Democratic Leaders Spike Women’s Health Bill Over Abortion Issue
The Democratic leadership of Oregon’s Legislature, including Senate President Peter Courtney, D-Salem, has killed a bill that would have ensured a woman’s access to abortion and blocked sponsor and Health Chairwoman Sen. Laurie Monnes Anderson, D-Gresham, from even holding a public hearing, in effect silencing the debate.
Senate Bill 894 would have codified the reproductive rights for all women, including the ability to get nursing supplies, contraception and, significantly, abortion, without excessive cost-sharing. Abortions could have copayments but not a deductible; contraception could have neither. The bill would have impacted private insurance and the Oregon Health Plan.
Much of the protections in SB 894 are already included in the Affordable Care Act, but the bill would have brought Oregon insurance law in line with the federal government and increased protections for reproductive rights should President Obama’s successor be less supportive. On top of those protections, it would have allowed women to get contraceptive prescriptions that would last longer than a 30- or 60-day supply.
SB 894 seemed like a strong piece of legislation from the gate, with 9 Senate Democrats and 20 House Democrats signing on as sponsors, including both majority leaders, Sen. Diane Rosenbaum, D-Portland, and Rep. Val Hoyle, D-Eugene. It had also been a top priority of the advocates at the Oregon Health Equity Alliance, a group which works to promote equality and even the playing field for people who are often at a disadvantage.
Despite this support, and despite a Democratic supermajority, the women’s comprehensive health bill went nowhere, and was killed behind the scenes in an apparent attempt to avoid public debate, possibly to protect some Democrats who were wavering on how far they would join in a debate to support a woman’s ability to get an abortion.
“Bills die for mysterious reasons. We’ve had a lot of contentious topics this year,” said Sen. Elizabeth Steiner Hayward, D-Portland, who insisted all Senate Democrats still supported abortion rights. “There are no anti-abortion Democrats in the caucus. That is simply not true.”
Still, Sen. Laurie Monnes Anderson said that the bill would have died on the Senate floor if it had passed out of the Senate Health Committee -- which would likely have occurred on a party-line 3-2 vote. All three Health Committee Democrats -- Monnes Anderson, Steiner Hayward, and Sen. Chip Shields, D-Portland, were sponsors, as were Sen. Sara Gelser, D-Corvallis; Sen. Ginny Burdick, D-Portland; Sen. Michael Dembrow, D-Portland; Sen. Richard Devlin, D-Tualatin; and Sen. Arnie Roblan, D-Coos Bay.
Monnes Anderson said some members objected that the language about abortion be included alongside protections for contraception, pregnancy and post-partum care. Both Monnes Anderson and Steiner Hayward declined to say who opposed this part of the bill.
Monnes Anderson said the abortion language was so toxic that “leadership” -- her caucus leaders -- Courtney and Rosenbaum, would not even allow her to have a public hearing on SB 894, let alone move it to the Senate floor. She said House Democratic leaders were also involved in the discussion over whether the bill could see the light of day, while Lindsey O’Brien, the spokeswoman for House Speaker Tina Kotek, D-Portland, deferred all questions to the Senate.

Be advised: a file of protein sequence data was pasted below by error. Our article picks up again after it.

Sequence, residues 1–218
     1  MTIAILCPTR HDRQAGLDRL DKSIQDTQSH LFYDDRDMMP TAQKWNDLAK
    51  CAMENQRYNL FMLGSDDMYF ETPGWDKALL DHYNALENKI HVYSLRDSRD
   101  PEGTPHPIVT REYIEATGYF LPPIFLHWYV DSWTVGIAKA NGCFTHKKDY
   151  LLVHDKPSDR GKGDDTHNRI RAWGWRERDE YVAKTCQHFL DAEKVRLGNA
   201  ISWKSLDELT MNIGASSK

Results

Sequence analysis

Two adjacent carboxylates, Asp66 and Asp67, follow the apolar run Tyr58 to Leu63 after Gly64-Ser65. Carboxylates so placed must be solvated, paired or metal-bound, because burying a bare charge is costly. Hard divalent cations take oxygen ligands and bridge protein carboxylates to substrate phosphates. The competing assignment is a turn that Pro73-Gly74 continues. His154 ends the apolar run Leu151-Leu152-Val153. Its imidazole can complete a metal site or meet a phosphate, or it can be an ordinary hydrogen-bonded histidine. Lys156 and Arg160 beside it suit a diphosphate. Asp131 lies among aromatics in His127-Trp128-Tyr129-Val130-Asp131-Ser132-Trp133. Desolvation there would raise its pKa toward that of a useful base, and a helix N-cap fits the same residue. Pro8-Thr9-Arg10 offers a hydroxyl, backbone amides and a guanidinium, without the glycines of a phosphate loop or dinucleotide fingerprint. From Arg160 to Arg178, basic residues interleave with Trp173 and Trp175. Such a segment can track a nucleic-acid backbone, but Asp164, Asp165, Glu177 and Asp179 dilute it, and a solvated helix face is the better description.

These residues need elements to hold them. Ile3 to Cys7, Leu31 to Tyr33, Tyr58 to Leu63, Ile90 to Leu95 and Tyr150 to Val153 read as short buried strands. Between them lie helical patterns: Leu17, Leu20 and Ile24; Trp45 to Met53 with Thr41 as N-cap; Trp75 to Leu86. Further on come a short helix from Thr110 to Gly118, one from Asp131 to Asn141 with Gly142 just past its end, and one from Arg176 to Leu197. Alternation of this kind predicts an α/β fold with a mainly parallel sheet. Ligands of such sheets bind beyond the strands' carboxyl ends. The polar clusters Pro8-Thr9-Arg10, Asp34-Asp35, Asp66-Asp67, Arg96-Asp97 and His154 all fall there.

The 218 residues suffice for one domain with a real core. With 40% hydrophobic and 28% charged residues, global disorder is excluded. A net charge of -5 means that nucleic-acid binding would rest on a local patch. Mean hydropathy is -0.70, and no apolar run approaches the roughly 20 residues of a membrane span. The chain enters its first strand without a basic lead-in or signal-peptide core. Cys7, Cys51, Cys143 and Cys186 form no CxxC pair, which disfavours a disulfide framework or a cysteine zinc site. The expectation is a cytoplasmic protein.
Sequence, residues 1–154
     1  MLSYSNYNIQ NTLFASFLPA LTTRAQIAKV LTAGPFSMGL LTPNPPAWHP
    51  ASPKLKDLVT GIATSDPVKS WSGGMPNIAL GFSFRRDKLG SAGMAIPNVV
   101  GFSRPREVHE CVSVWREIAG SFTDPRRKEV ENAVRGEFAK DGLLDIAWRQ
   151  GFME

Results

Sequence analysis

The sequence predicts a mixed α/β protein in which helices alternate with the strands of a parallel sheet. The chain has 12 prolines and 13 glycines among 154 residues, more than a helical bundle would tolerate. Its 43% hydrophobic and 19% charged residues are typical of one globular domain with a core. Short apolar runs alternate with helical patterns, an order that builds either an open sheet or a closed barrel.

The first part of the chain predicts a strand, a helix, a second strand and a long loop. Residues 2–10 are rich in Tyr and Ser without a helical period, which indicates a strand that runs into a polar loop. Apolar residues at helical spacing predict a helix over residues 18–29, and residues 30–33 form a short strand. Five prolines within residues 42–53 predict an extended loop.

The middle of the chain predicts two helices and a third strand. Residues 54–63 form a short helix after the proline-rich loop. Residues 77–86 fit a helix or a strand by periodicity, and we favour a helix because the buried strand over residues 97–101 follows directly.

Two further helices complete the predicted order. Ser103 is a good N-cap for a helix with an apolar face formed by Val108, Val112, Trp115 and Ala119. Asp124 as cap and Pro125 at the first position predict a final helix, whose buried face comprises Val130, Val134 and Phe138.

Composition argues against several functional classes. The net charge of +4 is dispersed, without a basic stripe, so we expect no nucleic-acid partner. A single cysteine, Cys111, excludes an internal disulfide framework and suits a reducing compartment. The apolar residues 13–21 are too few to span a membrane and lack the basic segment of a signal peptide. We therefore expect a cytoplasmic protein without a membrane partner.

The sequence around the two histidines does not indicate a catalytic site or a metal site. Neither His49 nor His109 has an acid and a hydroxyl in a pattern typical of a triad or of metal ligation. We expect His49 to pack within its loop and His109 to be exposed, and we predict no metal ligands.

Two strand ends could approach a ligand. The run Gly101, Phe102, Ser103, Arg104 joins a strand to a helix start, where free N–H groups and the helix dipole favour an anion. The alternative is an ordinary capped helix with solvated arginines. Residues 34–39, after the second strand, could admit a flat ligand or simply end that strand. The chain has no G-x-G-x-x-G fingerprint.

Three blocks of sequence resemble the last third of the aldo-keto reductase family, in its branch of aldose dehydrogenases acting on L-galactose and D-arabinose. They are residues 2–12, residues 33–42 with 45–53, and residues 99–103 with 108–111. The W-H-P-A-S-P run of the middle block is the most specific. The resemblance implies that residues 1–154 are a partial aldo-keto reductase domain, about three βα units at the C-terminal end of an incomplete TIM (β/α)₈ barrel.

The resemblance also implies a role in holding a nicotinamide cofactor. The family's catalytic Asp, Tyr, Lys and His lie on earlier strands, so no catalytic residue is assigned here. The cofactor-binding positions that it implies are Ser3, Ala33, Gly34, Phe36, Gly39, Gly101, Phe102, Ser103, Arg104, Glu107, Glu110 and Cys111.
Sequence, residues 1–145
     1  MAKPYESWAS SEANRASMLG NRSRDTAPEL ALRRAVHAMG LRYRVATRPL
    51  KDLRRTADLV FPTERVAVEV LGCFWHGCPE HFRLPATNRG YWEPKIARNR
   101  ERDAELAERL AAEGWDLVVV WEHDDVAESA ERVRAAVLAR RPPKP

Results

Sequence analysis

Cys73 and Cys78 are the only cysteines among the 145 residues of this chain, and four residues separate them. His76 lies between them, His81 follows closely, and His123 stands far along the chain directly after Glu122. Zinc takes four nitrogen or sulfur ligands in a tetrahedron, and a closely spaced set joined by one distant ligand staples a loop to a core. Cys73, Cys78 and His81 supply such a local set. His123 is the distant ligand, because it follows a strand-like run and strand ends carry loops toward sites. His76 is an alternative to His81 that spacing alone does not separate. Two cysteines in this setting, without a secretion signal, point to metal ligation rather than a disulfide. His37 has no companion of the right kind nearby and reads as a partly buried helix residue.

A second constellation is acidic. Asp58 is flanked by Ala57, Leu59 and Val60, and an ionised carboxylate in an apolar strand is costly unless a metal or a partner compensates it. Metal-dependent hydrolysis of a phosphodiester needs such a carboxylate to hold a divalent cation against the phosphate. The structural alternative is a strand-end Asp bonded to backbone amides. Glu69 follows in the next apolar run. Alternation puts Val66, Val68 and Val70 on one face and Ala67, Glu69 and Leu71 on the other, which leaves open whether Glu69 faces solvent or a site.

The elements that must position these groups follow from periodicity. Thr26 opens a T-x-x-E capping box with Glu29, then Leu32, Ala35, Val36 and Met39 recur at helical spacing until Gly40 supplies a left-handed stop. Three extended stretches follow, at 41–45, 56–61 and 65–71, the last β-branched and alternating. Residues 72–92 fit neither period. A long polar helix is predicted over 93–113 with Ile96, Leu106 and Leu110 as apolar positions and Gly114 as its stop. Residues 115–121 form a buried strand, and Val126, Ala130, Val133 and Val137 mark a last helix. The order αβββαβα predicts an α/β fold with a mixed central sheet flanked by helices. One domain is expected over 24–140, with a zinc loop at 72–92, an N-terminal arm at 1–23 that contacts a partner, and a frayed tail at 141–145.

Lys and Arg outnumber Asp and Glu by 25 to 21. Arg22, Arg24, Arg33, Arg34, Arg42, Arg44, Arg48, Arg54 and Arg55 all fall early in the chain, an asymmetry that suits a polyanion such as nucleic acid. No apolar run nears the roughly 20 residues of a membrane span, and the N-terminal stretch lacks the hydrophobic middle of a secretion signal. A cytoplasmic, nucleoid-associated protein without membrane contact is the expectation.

Rosenbaum’s spokeswoman, Molly Woon, did not respond to a request for comment by press time.
Monnes Anderson tried to salvage the bill or introduce a different, compromise piece of legislation, but the bill’s sponsors, including NARAL Pro-Choice Oregon, did not support her efforts. In addition to the hot-button issue of abortion, the bill’s supporters did not consult the insurance industry before drafting the bill, which could have been stripped of the abortion language or been amended to include a religious exemption.
Monnes Anderson also promised it would get a public hearing later in the session -- but any hearing after this week would be purely informational, since it would be beyond strict deadlines for legislation to be voted on.
Michele Stranger-Hunter, the executive director for NARAL Pro-Choice Oregon, did not respond to questions about the bill.
The expanded contraception access issue is being addressed by House Bill 3343, which is scheduled for next week in the House Health Committee and will require that insurers and the Oregon Health Plan give women up to a year’s worth of contraceptive pills.
A separate bill in the Senate Health Committee, Senate Bill 93, lays out a framework for patients to more easily get refills without return visits to their healthcare provider, except for controlled substances. That bill is designed for chronic disease management like hypertension and high cholesterol, but Monnes Anderson said it will be amended to apply to birth control. Patients could go a year without a doctor but would return twice to the pharmacist -- after three months and after six months to help manage the medication.
The influence of religion in medical decisions like reproductive health has been on the rise in the Northwest, which became abundantly clear when the leading Roman Catholic health provider, Providence Health & Services, merged with Swedish Health Services, and the latter ceased performing elective abortions at its Seattle hospitals and clinics.
Providence’s religious opposition to abortion, contraception, tubal litigation and the death with dignity law also may have influenced Silverton Health’s decision to merge instead with Legacy Health, which has historically been Protestant